Good luck to Jo and Leo, you both deserve to win!
1991-1996 Liceo Scientifico (Rm), there’s no equivalent here, but it should be something that includes GCSE and A level
1997-2002 Biological Sciences at the University of Rome “La Sapienza”; 2002-2006 PhD in the same University
2006-2008 Postdoc at the Insitute Gustave Roussy, Paris, France
Postdoc research assistant
Insitute of Cancer, Queen Mary University of London
I am a virologist trying to use viruses as a weapon to kill cancer
I have always thought that it was thanks to my Science teacher that I fell in love with Biology, till a couple of years ago when, while in the lab, I suddenly remembered an episode from my past. I was about 5 and I asked my mum what do intelligent people do and she told me: “They become scientists”. I didn’t have a clue of what that meant, but maybe this is when it was written in my destiny that I would become a scientist!
Since the beginning I have worked with Adenovirus (myimage2), not too bad a virus, considering that it can just give you a cold the first time that you meet it, but you won’t notice if you have a second encounter. Viruses are really clever, they are very small and compact, and they can manipulate completely a cell so that the cell starts doing only what the virus wants. The good news is that we are learning how to manipulate Adenovirus, so that it does what WE want: a magic bullet for cancer. The idea is that you inject it into a patient and the virus can only replicate and kill the cancer cells, without bothering the surrounding normal cells. This is what I’ve been working on for the last 8 years (gosh, time flies!) trying to make sure that this virus is really leaving the normal cells doing their business, while being super efficient at killing the bad cells. A way to make this more efficient is to give the virus together with low doses of chemotherapeutic drugs.
While I haven’t changed very much the subject of my research in all these years (and there is still soooooooo much to do and to know before we’ll be able to give these special viruses to patients), what it has changed is where I have done it. This is because Science gives you the great opportunity to move around to do your work in different labs. So, after getting my PhD from Rome, I moved to Paris (loved the city, learnt a bit of French, found new friends) and then, about 2 years ago, I moved to the UK to continue my work in a lab in London and to finally join my English man (that I’m going to marry in October, by the way).
I don’t know if I’ll be able to continue this journey in Science (nothing is perfect and even if doing research is beautiful, the career of a scientist is pretty hard and competitive), but even if I’ll have to leave it, it will have all been worth it!
My Typical Day:
7:15 train from Cambridge in the morning, 18:15 train from London in the evening- everything in the middle!
I usually like starting the day doing a list of things to do. The activities can be very different, depending on which part of the work I am doing.
At the beginning you think of a question that you want to answer (e.g. how does the virus kill the cells?) and you formulate a hypothesis, an idea that you have of how this event happens. You think of an experiment that would help you answering the question (the planning part, at the desk in the office), reading about what the others have done in similar situation and how that can help you in the study that you are doing.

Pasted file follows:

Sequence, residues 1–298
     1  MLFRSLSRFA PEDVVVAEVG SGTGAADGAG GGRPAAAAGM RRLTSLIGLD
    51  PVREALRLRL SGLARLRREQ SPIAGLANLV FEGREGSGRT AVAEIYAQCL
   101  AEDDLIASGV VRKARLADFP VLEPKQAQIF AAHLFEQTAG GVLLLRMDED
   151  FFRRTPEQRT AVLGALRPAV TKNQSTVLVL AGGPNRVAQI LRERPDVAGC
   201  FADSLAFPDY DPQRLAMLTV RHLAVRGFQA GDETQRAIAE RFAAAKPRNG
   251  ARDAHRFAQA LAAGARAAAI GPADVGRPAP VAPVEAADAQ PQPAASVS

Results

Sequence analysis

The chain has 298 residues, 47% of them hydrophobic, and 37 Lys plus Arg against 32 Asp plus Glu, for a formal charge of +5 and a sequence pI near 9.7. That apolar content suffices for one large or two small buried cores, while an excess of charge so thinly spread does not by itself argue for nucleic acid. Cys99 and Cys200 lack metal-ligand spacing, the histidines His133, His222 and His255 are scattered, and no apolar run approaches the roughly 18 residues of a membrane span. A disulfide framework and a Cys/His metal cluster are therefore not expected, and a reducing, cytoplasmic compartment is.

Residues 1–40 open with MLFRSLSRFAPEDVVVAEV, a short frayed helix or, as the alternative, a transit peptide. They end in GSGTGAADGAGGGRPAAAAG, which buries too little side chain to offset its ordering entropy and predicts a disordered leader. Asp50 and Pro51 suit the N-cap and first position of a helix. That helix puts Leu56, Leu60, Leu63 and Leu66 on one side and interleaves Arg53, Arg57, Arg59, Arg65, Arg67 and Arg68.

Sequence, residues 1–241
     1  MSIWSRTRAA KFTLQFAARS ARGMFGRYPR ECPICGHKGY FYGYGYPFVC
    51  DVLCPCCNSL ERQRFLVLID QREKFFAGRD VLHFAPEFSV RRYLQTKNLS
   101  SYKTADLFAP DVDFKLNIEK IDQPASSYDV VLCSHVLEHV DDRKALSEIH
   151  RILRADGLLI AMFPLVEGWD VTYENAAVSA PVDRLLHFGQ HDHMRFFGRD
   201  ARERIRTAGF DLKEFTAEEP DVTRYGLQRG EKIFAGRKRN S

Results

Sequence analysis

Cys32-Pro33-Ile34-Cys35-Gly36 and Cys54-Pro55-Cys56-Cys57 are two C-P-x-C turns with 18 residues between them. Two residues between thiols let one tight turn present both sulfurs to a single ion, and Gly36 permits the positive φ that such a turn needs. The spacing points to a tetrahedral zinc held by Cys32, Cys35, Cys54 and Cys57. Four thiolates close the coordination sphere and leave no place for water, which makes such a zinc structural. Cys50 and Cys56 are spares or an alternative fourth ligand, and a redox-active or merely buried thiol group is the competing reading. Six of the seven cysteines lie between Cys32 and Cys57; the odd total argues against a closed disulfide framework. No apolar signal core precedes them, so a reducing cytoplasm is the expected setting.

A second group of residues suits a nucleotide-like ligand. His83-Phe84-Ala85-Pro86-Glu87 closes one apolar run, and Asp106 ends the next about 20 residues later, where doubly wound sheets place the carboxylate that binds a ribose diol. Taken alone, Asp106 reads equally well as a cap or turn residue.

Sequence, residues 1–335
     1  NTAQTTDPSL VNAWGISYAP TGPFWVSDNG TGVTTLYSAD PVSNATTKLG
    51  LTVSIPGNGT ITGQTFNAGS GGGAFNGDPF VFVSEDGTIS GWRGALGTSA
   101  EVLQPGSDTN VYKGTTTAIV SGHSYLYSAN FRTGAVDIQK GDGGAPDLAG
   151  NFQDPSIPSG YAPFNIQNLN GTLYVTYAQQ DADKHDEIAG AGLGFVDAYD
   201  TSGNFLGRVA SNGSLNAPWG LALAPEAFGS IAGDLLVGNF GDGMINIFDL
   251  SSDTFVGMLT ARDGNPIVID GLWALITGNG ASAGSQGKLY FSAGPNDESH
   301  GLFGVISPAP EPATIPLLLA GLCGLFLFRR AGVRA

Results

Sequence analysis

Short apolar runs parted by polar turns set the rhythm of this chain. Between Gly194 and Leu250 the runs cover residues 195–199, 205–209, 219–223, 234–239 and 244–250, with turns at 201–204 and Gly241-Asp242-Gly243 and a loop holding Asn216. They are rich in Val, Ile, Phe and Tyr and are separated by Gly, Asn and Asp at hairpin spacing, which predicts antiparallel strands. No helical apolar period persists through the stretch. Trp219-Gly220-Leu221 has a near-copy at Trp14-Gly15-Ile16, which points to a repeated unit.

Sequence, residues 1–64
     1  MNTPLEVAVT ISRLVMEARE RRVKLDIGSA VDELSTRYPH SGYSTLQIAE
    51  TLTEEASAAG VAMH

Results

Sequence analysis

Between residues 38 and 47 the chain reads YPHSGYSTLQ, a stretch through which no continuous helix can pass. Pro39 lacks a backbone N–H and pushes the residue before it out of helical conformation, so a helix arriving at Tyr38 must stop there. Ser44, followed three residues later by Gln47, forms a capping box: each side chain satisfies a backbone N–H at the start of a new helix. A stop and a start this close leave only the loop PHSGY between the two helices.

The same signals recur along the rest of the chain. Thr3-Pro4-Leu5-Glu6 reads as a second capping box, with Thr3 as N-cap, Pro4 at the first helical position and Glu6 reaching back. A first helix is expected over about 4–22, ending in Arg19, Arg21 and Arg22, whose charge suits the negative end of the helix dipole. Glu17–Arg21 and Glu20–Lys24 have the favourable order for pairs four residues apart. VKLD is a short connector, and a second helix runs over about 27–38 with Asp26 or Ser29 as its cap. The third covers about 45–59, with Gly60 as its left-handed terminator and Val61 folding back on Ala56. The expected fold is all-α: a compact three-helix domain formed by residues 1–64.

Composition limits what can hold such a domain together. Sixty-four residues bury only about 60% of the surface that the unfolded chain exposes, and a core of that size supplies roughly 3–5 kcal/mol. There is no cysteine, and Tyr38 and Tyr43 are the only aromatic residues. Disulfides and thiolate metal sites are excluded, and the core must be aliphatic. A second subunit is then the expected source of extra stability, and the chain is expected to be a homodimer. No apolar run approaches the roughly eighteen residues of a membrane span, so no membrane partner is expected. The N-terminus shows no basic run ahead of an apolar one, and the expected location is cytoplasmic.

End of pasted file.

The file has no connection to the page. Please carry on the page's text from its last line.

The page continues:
Then there is the technical part, that is when you do the experiment and there is a lot of walking up and down going in different rooms, the one where you can work with human cells, the one where there are special machines (big, expensive microscopes for example). This is the part that helps me keep fit!
After the experiment, there is the analysis of the results (back in the office) to see if they respond to the question that you have asked yourself initially. All this can take weeks, depending on how complex is the experiment and how many times you have to repeat it, because it often doesn’t work the first time :-(.
Sometimes you are interested in analysing what’s happening to the DNA, sometimes to the proteins, sometimes you want to see the whole cell at the microscope. This means that even if the steps that take you from asking yourself a question to the answers are the same, the way you can get to the answers are incredibly varied. At the end of my day, I check my list. If I have ticked most of the things that were on my list, then it was a good day!
What I'd do with the prize money:
Organise a Science communication day at the school in my village
It would be really nice if I could organise a Science day at the School from the village where I come from. I could contact scientist friends from different fields and ask them to come to talk to the kids about their work and their life as a scientist and with the money I could pay their journey expenses.
It could be a sort of mini-I am a Scientist-get me out of here!, but face-to-face.
How would you describe yourself in 3 words?
energetic, sociable, fair
Were you ever in trouble at school?
Naaaa, I was quite disciplined apart from the fact that it was impossible to make me shut up!
Who is your favourite singer or band?
Indie music: The Killers, Vampire Weekend, The Strokes…but my soft side likes a lot Yann Tiersen (the guy that did the soundtrack of Amelie)
What is the most fun thing you've done?
Wondering around the streets of Istanbul and ending up in a bar hidden in a house by following the beautiful music that was coming from the local band playing live to a private birthday party…surprisingly, we were welcomed in!
If you had 3 wishes for yourself what would they be? - be honest!
1) Always be as happy as I am now; 2) Travel around the world to experience different cultures; 3) Improve the situation of Research in Italy
Tell us a joke.
My italian jokes are all lost in translation :(